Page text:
So Cameron is against illegal immigraton, and says he can take "decisive action" and stop it. He highlights enforcement action - including 260 removals. Meanwhile, Downing Street spends a good deal of time and energy trying to persuade Boris Johnson not to repeat his obviously correct point that there is no prospect of removal of what he estimated were 400,000 illegal immigrants in London and 700,000 nationwide, so that it may therefore be important to look at paths towards regularisation and citizenship. Cameron was very clear that the Liberal Democrats could not bring this argument into the Coalition negotiations. His government's policy is effectively not to have a policy - but there are certainly impacts in terms of exploitation and economic insecurity for both immigrants and British workers of ignoring the issue.

Sam Bowman of the Adam Smith Institute on the libertarian right reviewed some of the evidence on economic benefits in a blog post yesterday, and rightly points out that:

Empirical evidence, which (in the UK) suggests that immigrants have a higher labour force participation rate than the indigenous population and a lower per capita utilization of public services. A 2007 Home Office report found that immigrants’ net contribution – that is, taxes paid minus the cost of services used – is equivalent to one percent off the basic tax rate. Immigrants are subsidizing indigenous welfare users.

Social democrats will naturally also want to talk about how the gains and pressures of immigration are distributed, but honest advocates of restricting immigration need to take that point head on.

For example, David Goodhart, editor-of-large of Prospect and an increasingly vocal advocate of reduced immigration has been willing to do that, writing last month in the Financial Times in favour of the immigration cap, but being willing to frankly accept that it does have some economic costs, which he believes are manageable (and somewhat overstated) and so are a "price worth paying"

The education sector is less happy. Non-EU students are vital for them, at more than 300,000 a year. But around half of that is sub-degree courses, which the government thinks it can cut relatively painlessly by 80,000 over four years. Clearly there will be costs in reducing our overdependence on immigrants, especially in years three and four after the easier cuts are made. But if the reductions are made sensibly, as they have been so far, and employers respond with more training, as the government hopes, this will be a small economic price worth paying for a broader political good.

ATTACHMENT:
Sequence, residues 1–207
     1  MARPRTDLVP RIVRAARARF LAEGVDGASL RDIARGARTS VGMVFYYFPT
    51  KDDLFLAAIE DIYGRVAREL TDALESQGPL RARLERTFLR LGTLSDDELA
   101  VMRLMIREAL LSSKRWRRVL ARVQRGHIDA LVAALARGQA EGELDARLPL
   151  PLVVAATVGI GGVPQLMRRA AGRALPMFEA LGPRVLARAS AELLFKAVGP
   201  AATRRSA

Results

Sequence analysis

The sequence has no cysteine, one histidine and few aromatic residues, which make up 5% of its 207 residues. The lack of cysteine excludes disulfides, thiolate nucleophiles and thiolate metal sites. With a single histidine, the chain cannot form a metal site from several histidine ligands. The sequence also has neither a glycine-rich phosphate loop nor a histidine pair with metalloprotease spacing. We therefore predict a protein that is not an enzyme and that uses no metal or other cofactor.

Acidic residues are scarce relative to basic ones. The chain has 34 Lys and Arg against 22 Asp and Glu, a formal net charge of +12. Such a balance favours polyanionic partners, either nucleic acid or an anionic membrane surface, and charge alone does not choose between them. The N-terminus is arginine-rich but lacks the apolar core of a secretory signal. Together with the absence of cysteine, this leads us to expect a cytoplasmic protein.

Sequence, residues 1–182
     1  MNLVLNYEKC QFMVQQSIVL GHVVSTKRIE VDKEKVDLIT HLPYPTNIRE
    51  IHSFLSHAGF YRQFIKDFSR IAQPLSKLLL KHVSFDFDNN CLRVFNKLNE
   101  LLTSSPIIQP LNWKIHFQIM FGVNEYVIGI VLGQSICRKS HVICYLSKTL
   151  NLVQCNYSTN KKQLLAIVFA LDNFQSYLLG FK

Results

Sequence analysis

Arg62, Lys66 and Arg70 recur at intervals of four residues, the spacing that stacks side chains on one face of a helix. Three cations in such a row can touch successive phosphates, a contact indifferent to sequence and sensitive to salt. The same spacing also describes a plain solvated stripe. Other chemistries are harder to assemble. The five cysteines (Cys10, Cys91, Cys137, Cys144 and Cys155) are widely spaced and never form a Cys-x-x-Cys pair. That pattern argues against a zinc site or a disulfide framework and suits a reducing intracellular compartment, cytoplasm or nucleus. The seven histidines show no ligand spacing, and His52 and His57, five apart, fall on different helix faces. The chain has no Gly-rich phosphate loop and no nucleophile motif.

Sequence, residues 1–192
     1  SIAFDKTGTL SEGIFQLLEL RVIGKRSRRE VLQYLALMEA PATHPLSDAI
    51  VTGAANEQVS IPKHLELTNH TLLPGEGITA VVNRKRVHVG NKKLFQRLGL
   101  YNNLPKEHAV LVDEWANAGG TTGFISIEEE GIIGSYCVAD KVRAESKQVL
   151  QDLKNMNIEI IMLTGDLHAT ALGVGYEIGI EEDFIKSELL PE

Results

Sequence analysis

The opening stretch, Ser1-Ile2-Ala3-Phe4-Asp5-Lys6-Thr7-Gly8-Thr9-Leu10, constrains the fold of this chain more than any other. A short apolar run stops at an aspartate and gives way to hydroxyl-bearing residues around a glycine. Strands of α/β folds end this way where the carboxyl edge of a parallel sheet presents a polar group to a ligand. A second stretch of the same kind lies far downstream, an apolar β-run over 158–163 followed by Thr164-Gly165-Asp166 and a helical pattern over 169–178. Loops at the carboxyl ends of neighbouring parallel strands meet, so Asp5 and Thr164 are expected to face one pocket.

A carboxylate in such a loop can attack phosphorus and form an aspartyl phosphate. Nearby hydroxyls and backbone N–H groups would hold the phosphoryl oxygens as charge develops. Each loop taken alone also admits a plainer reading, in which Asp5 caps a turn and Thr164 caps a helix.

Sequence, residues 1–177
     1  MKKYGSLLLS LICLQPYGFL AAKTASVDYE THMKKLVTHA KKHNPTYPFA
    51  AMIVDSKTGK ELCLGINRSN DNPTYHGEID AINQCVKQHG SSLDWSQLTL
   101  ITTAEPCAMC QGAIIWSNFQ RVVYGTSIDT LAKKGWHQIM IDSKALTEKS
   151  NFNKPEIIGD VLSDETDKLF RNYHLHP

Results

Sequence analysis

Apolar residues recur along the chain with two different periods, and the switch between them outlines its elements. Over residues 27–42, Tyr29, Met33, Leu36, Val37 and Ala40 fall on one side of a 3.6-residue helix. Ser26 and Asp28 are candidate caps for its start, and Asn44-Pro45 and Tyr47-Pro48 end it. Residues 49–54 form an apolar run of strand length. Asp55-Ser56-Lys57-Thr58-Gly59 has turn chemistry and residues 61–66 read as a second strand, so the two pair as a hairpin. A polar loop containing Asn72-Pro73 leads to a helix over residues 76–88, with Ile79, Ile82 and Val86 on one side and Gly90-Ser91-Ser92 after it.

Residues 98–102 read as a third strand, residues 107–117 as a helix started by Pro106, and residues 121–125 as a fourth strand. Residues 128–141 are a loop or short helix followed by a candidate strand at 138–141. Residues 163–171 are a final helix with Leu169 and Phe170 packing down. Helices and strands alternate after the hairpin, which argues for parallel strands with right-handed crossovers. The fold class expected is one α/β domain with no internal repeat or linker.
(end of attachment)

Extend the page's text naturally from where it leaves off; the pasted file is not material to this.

(Jonathan Portes of the National Institute of Economic and Social Research, retorted in a letter that Goodhart's defence of the cap - "the target is for net immigration. So if more Britons retire to Spain, more space will be created for Canadian nanotechnologists" - revealed its illogicality. ("if fewer Britons retire to Spain, there will be less space for Canadian nanotechnologists").

Cameron by contrast with Goodhart has a more Panglossian view, and so implausibly declares that he can "completely reject the idea that our new immigration rules will damage our economy" or Britain's universities, despite concerns within government as well as outside it that the cap will do both, a case which advocates of the policy are willing to concede at least in part.

It is a legitimate political decision as to how to respond in policy terms to public concern about immigration.

The Prime Minister, having decided that what he calls the "immeasurable benefits" of immigration have gone much too far - is unlikely to be right that this is something that can be done cost-free.

1 comment:

David Lindsay said...

There would have been none of this if the trade union closed shop had never been abolished. Requiring the production of a union card is no different from requiring the production of a British passport or a work permit. The closed shop was as important for that as it was for giving the Tory forty-five per cent of the industrial working-class a moderating influence in the selection of Labour candidates for the safe Labour seats in which they lived.

New Labour's repudiation of the trade union movement was very much like its repudiation of Clause IV. That Clause did not mention nationalisation, although it certainly allowed for it; it had been framed so that people who already had nationalisation in mind could read that presupposition into it, even though no one could have read that presupposition out of it. But Tony Blair and his fan club thought that it was about nothing else.

So, in repudiating it, they repudiated public ownership in order to repudiate everything that public ownership delivered and safeguarded, notably national sovereignty, the Union, and the economic basis of paternal authority. Likewise, in repudiating trade unionism, they repudiated controlled immigration and the moderating influence of the wider electorate in the affairs of the Labour Party. Mercifully, that last, at least, reasserted itself in the victory of Ed Miliband over the Blairite candidate.